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Red #Wine Rivals Diabetes Drug in Lab Tests

Blaufränkisch isn’t a substitute for an Avandia prescription yet, however

Jacob Gaffney

Researchers working in biotechnology laboratories in Vienna have found that red wine contains favorable levels of a chemical currently used to treat type 2 diabetes patients. In time, they say, red wine treatments may offer an alternative to current therapies.

The results of their research were published in the January issue ofFood & Function. The team tested the chemical composition of two white wines from Austria and 10 reds. In the most promising experiment, 100 milliliters of a 2003 Blaufränkisch contained four times the recommended daily dose of rosiglitazone, a commercially available drug used to treat type 2 diabetes, manufactured by GlaxoSmithKline and marketed as Avandia.

Type 2 diabetes is a metabolic disease characterized by the body’s inability to use insulin to regulate blood-sugar levels. Clinical studies on animals show that red wine may help protect against developing the disease. “However, the molecular modes of action and the different pathways involved are not yet fully understood for most of the active compounds present in red wines,” wrote lead researcher Alois Jungbauer, a biotechnologist at Vienna’s University of Natural Resources and Life Sciences.

Jungbauer and his team also found that red wines contain substantial amounts of ligands, sticky molecules associated with preventing blood clots, reducing inflammation, and optimized cholesterol digestion. These ligands contain polyunsaturated fatty acids that bind to cholesterol in the body’s tissues and transport it to the liver for excretion.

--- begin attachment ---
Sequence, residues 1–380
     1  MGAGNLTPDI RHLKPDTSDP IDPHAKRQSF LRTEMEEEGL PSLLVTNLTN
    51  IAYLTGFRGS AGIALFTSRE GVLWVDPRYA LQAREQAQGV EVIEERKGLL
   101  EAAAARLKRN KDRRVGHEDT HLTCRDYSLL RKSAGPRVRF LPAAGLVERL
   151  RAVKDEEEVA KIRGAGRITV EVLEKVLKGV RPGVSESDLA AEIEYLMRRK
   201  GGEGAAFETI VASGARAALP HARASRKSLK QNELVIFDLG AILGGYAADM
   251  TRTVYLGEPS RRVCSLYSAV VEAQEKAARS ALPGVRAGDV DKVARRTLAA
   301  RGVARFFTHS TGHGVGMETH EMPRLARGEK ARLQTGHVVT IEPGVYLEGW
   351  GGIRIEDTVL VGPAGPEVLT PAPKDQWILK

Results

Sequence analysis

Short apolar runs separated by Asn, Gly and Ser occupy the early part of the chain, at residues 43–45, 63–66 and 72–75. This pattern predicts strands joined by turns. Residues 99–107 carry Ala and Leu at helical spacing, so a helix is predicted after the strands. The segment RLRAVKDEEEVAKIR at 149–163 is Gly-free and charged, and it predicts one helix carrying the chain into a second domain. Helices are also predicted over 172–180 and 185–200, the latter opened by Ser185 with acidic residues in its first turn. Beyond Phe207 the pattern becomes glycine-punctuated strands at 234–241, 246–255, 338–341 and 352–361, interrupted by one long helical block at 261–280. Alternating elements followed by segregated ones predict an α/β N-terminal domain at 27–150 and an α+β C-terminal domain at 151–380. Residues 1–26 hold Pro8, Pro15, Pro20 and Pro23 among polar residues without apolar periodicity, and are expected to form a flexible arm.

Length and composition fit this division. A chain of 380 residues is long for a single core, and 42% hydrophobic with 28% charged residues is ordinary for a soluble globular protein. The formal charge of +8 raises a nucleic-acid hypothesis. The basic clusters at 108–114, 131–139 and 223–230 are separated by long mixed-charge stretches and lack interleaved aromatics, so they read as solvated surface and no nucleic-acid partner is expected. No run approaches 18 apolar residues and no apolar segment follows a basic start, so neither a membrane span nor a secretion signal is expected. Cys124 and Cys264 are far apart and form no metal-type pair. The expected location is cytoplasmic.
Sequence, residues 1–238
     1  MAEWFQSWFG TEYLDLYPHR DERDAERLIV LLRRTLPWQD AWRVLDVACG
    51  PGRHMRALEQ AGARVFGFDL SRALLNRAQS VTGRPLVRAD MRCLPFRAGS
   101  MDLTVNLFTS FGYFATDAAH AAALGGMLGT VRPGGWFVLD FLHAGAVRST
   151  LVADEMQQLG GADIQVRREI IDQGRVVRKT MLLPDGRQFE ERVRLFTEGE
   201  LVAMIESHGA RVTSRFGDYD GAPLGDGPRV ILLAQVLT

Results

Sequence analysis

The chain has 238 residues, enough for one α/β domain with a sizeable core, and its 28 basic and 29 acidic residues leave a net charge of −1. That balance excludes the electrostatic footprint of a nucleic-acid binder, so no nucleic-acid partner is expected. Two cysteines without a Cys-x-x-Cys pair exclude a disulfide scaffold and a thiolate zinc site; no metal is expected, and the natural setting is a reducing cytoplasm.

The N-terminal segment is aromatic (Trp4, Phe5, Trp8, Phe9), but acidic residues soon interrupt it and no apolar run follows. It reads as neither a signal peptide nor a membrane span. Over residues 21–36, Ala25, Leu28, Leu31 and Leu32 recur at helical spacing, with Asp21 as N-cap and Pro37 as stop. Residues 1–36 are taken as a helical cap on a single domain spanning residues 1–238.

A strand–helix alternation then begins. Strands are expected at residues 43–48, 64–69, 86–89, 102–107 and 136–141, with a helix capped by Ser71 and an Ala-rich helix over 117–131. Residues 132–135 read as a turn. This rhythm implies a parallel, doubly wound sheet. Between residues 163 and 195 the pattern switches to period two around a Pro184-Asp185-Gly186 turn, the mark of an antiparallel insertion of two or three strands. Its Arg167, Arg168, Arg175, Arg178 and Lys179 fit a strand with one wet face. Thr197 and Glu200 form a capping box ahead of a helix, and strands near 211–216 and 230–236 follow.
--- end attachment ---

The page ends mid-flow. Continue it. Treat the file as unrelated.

The findings may provide a basis for a one-two punch against the risk of metabolic syndrome, said Food & Function deputy editor Kathleen Too in an accompanying editorial. “They found that not only did these compounds bind to [cholesterol], but that the wine contained enough of them to rival the activity of the potent drug rosiglitazone.”

Not all wines are created equal in this regard, however. The aforementioned Blaufrankisch contained high levels of the chemicals, with 1.71 grams per liter. Second was a 2004 Zweigelt with 1.65 grams per liter. A 2005 Zweigelt contained less, which leads Jungbaer to conclude that different environmental conditions across vintages, as well as differing winemaking techniques, may greatly change the chemical profile of wine.

Nonetheless, none of the 10 reds contained less than 1 gram per liter of measurable polyphenols. The white wines, which are not exposed to grape skins for a prolonged period of time, contained below 0.10 grams per liter.

Chi-Tang Ho, a food researcher at Rutgers School of Environmental and Biological Sciences told Too that the results provide evidence to support moderate red wine consumption, but that the impact of alcohol on the body needs consideration. Those who wish to avoid alcohol may look to other sources rich in similar polyphenols, such as tea and vine fruits.

While red wine cannot be considered an alternative treatment to any of the above ailments, Jungbauer did not discount the power of alternative therapies in the future. “Grape skin extracts have great potential, and although the influence of ethanol is not yet fully understood, I am confident that it will be possible to replace some synthetic compounds by plant extracts,” said Jungbauer.




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